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Review: Chicagoland Detective Agency, No. 1: The Drained Brains Caper

Megan is the new girl in town, a manga-reading, goth-dressing, haiku-writing vegetarian. Raf is the son of a pet food store owner who only wants to be left alone to finish the computer program he is writing. When the two of them meet, it isn’t friendship at first sight, but soon they’re caught up in a mystery at Megan’s summer school. Can they find out why the students at Stepford Academy are so unnaturally happy all the time or will they be zombified first?

Chicagoland Detective Agency, No. 1: The Drained Brains Caper
Written by Trina Robbins; Illustrated by Tyler Page
Ages: 8-12; Grades 3-6
Lerner/Graphic Universe, September 2010
Hardback: ISBN 978-0-7613-4601-2, 64 pages, $29.27
Paperback: ISBN 978-0-7613-5635-6, 64 pages, $6.95

Robbins has been a force in American independent comics since the 1960s, so it’s wonderful that Lerner has her writing for their Graphic Universe imprint. As expected from someone who has been working in comics for so long, her story is fun, interesting, and a good set-up for the series. She begins building two very interesting characters in this first volume. Instead of trying to make the story “manga style” or some such nonsense, Robbins makes Megan a manga fan, someone with which readers will easily identify. Megan’s love of haiku may not be as familiar to the older elementary school crowd, but it matches with her Japanese-American heritage and so is easily explained. Plus, being a poetry-loving vegetarian pairs up nicely with her Gothic clothing and makes her seem like a fun 13-year-old that 9-year-old readers can look up to. Raf isn’t as well-developed here, though we get the basic sense of who he is and that allows him room to grow in future volumes. The mystery aspects are wrapped up a teensy bit too easily, but the resolution fits with the humorous aspects of the story so nicely that it is easy to overlook that small quibble.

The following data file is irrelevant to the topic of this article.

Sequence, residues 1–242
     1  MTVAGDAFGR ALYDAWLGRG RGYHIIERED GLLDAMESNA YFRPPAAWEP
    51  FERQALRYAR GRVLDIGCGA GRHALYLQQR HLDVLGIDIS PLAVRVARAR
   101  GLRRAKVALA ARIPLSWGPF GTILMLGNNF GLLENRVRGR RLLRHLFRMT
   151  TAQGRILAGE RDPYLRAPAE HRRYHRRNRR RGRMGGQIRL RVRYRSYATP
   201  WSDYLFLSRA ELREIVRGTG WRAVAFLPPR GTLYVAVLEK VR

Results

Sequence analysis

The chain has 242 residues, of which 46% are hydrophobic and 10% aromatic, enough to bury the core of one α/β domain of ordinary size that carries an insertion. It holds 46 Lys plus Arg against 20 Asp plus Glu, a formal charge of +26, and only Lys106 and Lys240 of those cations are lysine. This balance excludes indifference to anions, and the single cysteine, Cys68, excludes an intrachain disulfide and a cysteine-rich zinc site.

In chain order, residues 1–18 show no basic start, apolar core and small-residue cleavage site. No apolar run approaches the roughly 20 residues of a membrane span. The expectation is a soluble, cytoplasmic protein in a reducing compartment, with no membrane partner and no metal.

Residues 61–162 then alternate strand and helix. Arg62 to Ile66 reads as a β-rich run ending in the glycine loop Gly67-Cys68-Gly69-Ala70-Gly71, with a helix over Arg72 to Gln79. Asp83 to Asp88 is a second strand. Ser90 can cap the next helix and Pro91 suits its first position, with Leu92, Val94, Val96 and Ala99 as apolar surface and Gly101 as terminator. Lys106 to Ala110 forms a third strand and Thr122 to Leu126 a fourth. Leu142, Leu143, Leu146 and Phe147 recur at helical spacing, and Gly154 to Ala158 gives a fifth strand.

Judging from the cover, and from the other titles being released by Graphic Universe, it seems that Chicagoland would be in color, but instead Page’s art is rendered in black-and-white. Though this might jarr the eyes slightly at the beginning of the book, readers will soon settle into the tale and not miss the color at all. Page does a careful job with shading and screentones to bring depth to his panels and Lerner has done an equally careful job of reprinting that art so that everything is crisp and clear. Megan, Raf, and the other kids look like middle school aged students, keeping the story from appearing babyish. Though Page’s art is cartoonish, it is purposefully so, which keeps the tone of the tale light, even during action sequences. Some comedic violence and discussion of animal testing are present, but nothing is inappropriate for an older elementary school audience. With mysteries for kids hard to find in graphic novel form, it was especially nice to discover this great beginning to a new series.

This review is based on a complimentary copy supplied by the publisher. All images copyright © Lerner/Graphic Universe.

Snow Wildsmith About Snow Wildsmith

Snow Wildsmith is a writer and former teen librarian. She has served on several committees for the American Library Association/Young Adult Library Services Association, including the 2010 Michael L. Printz Award Committee. She reviews graphic novels for Booklist, ICv2's Guide, No Flying No Tights, and Good Comics for Kids and also writes booktalks and creates recommended reading lists for Ebsco's NoveList database. Currently she is working on her first books, a nonfiction series for teens.

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